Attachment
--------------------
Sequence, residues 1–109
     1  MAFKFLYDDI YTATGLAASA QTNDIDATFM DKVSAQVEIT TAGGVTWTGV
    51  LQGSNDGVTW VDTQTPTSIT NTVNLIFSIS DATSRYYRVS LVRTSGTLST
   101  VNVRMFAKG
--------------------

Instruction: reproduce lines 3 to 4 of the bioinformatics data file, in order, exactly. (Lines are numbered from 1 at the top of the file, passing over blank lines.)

    51  LQGSNDGVTW VDTQTPTSIT NTVNLIFSIS DATSRYYRVS LVRTSGTLST
   101  VNVRMFAKG